(Dear Readers: I wrote this the first evening of the cruise, at 2AM on 1/1/13 to a Cruise Director and Blogger on Carnival’s Website, John Heald. I apologize if I sound a bit grumpy - I had an empty stomach. Read more for details…. )
I'd love to say something positive. I am a very upbeat person. Alas, I cannot. I couldn't even eat dinner this evening. Not sure what was worse, the nausea from the ship moving, or the waitress from hell. I've had much better service from a truck stop in American Canyon California at the Hwy 29 Cafe, let alone eating at Cole's Chop House, French Laundry, and Auberge in Napa Valley.
The previous night, we dined at the Napa Rose at Disney's California Hotel. Jonathon was the chef, previously at Auberge until 2004. We had excellent service, ordered fabulous wine, and teased Jonathon about his malfattis (actually much improved over Napa's version).
I realize I'm not in Disneyland anymore.
My waitress on Carnival's Inspiration on 12/31/12 8:15 PM Seating Table 389 committed a major faux pas - she argued with me that I had ordered the buffalo mozzarella. I did not. She didn't believe me. In front of me, my plate, was encrusted, herbed, heated cheese. No tomatoes. See, I had ordered a tomato salad/blue crab plate for my first meal, and for dinner, I'd ordered the quail appetizer. I asked her for a menu, and pointed to the entree that I did order but not receive. But, strangely, that dish never appeared in front of me. She removed the buffalo mozzarella plate and slammed down the quail. Which I had asked for as dinner entree. But no, the waitress from hell slammed down my dinner course while my dining companions had green Caesar salads in front of them.
I waited about 10 minutes with the quail in front of me. Still no tomato salad. I pushed the quail away. And waited. No salad. No server. No drinks showed up at my table that we had ordered.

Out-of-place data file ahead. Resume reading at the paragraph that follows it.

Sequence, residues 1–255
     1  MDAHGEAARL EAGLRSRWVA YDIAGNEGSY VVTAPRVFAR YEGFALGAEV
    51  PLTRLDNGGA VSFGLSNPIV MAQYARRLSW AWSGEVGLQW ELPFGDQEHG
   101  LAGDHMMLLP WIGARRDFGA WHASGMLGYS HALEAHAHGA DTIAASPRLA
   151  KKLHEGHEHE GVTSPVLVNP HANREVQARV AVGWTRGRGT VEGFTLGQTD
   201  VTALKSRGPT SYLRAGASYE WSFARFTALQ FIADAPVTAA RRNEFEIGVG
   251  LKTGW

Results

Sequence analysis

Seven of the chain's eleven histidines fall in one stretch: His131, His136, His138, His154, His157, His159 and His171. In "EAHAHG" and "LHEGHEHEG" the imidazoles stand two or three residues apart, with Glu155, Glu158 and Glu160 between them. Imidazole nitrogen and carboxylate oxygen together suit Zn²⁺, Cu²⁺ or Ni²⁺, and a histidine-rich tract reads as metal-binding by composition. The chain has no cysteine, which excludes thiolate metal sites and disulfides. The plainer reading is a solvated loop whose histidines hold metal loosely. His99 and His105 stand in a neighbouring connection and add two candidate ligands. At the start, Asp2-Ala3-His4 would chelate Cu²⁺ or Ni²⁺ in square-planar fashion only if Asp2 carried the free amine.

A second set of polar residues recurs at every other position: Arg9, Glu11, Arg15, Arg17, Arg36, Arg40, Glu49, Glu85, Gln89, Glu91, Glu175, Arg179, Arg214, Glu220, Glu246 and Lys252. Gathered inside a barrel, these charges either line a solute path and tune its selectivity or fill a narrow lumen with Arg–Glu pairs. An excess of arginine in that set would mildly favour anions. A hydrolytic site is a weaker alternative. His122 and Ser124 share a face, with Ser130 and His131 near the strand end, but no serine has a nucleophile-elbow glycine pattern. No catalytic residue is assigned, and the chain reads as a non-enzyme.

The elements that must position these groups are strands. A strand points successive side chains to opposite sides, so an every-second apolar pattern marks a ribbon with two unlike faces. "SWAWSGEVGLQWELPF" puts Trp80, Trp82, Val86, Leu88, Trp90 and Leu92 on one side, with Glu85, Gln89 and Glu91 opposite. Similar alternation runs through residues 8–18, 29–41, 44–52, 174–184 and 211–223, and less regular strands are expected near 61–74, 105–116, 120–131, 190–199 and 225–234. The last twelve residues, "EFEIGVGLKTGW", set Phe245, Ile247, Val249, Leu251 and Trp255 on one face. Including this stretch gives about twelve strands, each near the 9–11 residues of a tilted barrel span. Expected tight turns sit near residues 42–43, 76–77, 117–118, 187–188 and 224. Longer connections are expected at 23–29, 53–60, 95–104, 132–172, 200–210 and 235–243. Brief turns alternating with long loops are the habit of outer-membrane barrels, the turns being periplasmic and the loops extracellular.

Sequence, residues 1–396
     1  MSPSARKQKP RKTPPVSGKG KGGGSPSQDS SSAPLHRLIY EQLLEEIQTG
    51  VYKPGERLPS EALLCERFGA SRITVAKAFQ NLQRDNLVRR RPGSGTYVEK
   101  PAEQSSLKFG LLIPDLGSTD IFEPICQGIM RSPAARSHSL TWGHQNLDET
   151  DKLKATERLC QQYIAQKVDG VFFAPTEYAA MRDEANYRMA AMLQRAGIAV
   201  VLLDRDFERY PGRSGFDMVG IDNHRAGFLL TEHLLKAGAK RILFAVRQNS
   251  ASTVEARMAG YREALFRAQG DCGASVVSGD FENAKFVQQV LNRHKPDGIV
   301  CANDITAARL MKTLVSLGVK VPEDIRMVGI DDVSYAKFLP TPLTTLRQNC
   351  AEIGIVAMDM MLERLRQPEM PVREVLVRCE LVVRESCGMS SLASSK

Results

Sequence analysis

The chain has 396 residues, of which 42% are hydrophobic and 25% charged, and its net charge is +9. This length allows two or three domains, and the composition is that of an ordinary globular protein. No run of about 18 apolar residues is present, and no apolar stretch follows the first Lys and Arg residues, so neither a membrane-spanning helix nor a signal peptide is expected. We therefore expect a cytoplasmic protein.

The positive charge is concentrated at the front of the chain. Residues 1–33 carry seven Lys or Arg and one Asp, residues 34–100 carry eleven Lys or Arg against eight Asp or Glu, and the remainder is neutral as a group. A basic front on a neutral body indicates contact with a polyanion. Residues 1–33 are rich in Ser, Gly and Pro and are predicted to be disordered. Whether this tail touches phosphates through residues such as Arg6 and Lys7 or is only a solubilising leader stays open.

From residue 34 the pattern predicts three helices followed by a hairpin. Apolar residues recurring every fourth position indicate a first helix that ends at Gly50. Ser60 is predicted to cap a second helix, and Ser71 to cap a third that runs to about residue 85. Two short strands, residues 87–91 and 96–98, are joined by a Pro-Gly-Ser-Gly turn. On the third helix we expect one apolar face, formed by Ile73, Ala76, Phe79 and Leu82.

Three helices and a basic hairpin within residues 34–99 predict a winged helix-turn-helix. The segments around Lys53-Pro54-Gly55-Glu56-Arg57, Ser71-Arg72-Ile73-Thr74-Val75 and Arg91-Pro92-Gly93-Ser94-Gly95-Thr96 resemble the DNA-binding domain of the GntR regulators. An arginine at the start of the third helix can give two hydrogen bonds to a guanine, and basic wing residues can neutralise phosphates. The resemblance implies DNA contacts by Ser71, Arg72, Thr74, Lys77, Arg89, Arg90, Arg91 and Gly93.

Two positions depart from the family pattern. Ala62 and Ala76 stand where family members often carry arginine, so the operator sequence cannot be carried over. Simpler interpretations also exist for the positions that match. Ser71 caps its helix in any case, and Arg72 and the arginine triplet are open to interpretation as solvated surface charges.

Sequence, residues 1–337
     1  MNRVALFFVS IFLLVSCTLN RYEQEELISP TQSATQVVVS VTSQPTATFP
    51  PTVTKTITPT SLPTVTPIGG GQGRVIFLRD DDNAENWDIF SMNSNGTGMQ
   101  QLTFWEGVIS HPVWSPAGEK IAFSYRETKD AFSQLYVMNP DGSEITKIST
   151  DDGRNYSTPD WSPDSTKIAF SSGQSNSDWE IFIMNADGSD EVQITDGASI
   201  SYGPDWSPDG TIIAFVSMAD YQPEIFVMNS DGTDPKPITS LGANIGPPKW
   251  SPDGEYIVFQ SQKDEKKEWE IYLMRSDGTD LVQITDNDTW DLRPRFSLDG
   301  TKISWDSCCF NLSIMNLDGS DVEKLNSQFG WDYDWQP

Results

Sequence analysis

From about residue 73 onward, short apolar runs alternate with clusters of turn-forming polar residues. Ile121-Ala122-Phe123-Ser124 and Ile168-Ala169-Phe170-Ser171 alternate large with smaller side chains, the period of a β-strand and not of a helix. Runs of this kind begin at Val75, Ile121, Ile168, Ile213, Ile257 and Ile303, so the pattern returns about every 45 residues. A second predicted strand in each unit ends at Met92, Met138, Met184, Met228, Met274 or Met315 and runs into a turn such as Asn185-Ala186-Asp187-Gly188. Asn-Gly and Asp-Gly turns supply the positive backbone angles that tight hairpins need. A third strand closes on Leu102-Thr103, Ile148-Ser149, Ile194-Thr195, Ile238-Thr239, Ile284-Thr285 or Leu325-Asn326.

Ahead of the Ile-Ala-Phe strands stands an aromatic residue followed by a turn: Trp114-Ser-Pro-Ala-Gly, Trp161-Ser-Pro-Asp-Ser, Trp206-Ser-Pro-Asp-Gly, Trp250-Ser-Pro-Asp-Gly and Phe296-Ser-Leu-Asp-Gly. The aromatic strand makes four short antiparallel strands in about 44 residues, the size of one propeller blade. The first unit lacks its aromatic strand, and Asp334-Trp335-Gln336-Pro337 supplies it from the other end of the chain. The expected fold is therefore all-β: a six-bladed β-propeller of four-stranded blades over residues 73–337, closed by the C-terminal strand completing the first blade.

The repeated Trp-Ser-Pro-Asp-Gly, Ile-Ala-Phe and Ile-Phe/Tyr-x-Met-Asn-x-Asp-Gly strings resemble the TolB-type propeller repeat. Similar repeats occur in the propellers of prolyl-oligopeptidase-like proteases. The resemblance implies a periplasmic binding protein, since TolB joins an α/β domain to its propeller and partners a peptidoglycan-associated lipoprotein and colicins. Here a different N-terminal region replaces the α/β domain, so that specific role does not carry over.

Golden Rule: The customer is always right. #2: follow correct dining procedure: get drink orders; come back with drinks; order courses (starters, salads, soups, then main entree) After clearing dinner plates, ask for coffee/port orders and dessert. Serve after dinner drinks at same time as dessert. Do not serve out of order. Do not place a dinner entree in front of someone before their soup/salad/appetizer course.
And, no, do not argue with the dining customer and slam down a plate in front of them.
After about 20 minutes of waiting, I lost my temper. I stood up, looking for the vanishing waitress. No dice. Caught another guy who wanted to take our drink order. Again. Those never arrived either.
Hmm, John, what would you do? I lost my patience. I stood by the galley, slammed my dinner entree onto a stack of dinners, and stormed off looking for a manager or maitre'd or chef. Asked three people. No one took the time to even care. Couldn't find any management.
I left then to retire to my cabin. I'd lost my appetite.
See, John, I'm a very rational person. Usually. I'm not perfect. I've been ill this past month. Apparently with an extremely rare autoimmune disease that's causing horrid nausea. And irritability.
Our table patrons from Russia? Alas, the Mom got the wrong soup. Her daughter, Caterina, never got the mozzarella or quail she had ordered. When she finally asked, the waitress gave her the cold plate of quail that had been sitting on the table for 20 minutes, which I then slammed on top of the other entrees in the galley. And it was quite cold.
Now, John, here in California, that would be a violation of California State law for food service. I had physically touched the plate. And waitress from hell turned around and served it to another diner.
There's a reason California has that law. It would be to help against, say, spreading salmonella or e.coli bacteria, or say even listeria or Norovirus. Apparently there's been several ships this week who have come down with cases of Cruise Ship Norovirus.
Now, John, I'd love to be able to enjoy the rest of my cruise. Considering my autoimmune disorder, and the reputation of your ship, I'd advise on proper food handling to prevent an outbreak. I'd prefer not to get sick on this ship. John, can you make this right for our table #389? My husband requested a different server for tomorrow. Please kindly show me that Carnival Cruise Lines has some class, style, and elegance.
Otherwise I'll be blogging in my cabin eating beef jerkey for the next 4 days. I'm sure the NY Times would love to hear this story. I already wrote them Sunday about Sandybrook and Gun Control. They'd love to hear about Norovirus outbreak prevention plan from Carnival. But servers breaking both dining etiquette and food safety and handling rules and laws? Now, that would be an excellent story.
Cathy Gumina Odom
Carnival Inspiration CBN # U75 Catalina and Ensenada trip.